Nepal plane makes emergency landing, a week after two crashes claimed 25 lives

A Goma Air plane bound for Lukla made an emergency landing at Kathmandu Airport after a bird struck its wing.
A Goma Air plane bound for Lukla made an emergency landing at Kathmandu Airport after a bird struck its wing.PHOTO: THE KATHMANDU POST/ASIA NEWS NETWORK

KATHMANDU (AFP) - A plane with nine passengers on board was forced to make an emergency landing at Kathmandu airport on Wednesday (March 2), an aviation official said, a week after two deadly crashes highlighted Nepal's dismal air safety record.

The 19-seater plane was taking off for Lukla, known as the gateway to Mount Everest, when a bird struck its right wing, Kathmandu airport official Ranjan Bhattarai said.

"The Lukla-bound Goma Air plane made an emergency landing... within three to four minutes of takeoff, due to a bird hit," Bhattarai told AFP.

"No passengers were harmed," he said, adding that engineers were inspecting the grounded aircraft for signs of damage.

The incident comes a week after two deadly plane crashes in the impoverished Himalayan nation, whose air safety record is blamed largely on inadequate maintenance, inexperienced pilots and poor management.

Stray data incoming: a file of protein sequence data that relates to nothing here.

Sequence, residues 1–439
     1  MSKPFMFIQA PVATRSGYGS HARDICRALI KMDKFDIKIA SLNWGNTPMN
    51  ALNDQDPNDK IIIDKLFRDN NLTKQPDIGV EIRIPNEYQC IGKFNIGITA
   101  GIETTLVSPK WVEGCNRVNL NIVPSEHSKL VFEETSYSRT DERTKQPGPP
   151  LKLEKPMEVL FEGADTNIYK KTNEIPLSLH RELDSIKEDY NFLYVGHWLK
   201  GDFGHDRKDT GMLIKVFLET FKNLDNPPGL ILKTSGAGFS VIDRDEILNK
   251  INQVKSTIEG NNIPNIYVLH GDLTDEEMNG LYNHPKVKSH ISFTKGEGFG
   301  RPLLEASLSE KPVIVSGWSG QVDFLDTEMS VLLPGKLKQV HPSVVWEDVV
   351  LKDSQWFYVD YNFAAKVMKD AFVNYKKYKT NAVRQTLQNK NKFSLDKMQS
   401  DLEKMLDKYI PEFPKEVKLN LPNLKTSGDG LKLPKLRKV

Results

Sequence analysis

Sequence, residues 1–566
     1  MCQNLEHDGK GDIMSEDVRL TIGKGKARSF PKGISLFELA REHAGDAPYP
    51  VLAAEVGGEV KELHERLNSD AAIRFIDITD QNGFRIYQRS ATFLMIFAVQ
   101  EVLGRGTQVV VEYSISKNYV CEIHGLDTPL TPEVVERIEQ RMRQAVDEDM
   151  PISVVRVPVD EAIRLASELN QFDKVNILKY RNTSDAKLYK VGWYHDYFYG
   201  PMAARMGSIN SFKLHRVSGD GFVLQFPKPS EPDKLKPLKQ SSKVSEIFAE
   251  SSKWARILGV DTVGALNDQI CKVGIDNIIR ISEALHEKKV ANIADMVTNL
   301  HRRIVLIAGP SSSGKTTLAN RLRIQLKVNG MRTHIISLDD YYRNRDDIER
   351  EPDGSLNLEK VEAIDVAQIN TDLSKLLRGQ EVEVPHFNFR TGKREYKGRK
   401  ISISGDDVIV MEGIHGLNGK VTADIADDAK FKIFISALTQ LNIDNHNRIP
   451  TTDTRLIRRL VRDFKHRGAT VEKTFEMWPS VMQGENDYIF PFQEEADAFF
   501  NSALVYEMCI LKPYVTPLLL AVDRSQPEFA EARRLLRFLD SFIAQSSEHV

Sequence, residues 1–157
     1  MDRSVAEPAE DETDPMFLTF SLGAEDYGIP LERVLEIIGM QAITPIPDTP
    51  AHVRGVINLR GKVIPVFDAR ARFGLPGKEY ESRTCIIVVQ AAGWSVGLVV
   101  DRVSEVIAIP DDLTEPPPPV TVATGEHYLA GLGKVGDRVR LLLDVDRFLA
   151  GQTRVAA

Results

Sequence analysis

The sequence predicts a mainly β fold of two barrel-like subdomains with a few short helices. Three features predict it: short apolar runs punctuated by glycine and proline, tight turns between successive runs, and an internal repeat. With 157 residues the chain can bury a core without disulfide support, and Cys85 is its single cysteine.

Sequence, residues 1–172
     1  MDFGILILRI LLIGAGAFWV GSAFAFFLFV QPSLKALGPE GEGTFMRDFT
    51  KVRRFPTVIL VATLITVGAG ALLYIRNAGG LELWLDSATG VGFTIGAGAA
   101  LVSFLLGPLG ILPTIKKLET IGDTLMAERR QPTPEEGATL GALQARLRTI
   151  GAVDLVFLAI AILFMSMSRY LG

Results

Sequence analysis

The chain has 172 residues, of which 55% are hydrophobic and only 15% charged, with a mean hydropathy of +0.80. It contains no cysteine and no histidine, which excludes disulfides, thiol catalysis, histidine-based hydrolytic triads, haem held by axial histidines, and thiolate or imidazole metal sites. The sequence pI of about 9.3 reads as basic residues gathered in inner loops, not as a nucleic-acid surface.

A Twin Otter turboprop aircraft slammed into a mountainside in Nepal last Wednesday (Feb 24) killing all 23 people on board.

Two days later, two pilots were killed when a small passenger plane crash-landed in the country's hilly midwest.

Birds have traditionally posed a serious safety concern for Kathmandu's airport, which is located close to forested hills.

In 2012, a plane crashed shortly after taking off from the airport when it hit a bird, killing all 19 people on board.

An investigation concluded that the pilot panicked, causing the plane to crash.

Despite the risks, air travel is popular in Nepal, which has a limited road network. Many communities, particularly in the mountains and hills, are accessible only on foot or by air.

The European Union blacklisted all Nepal's airlines in 2013.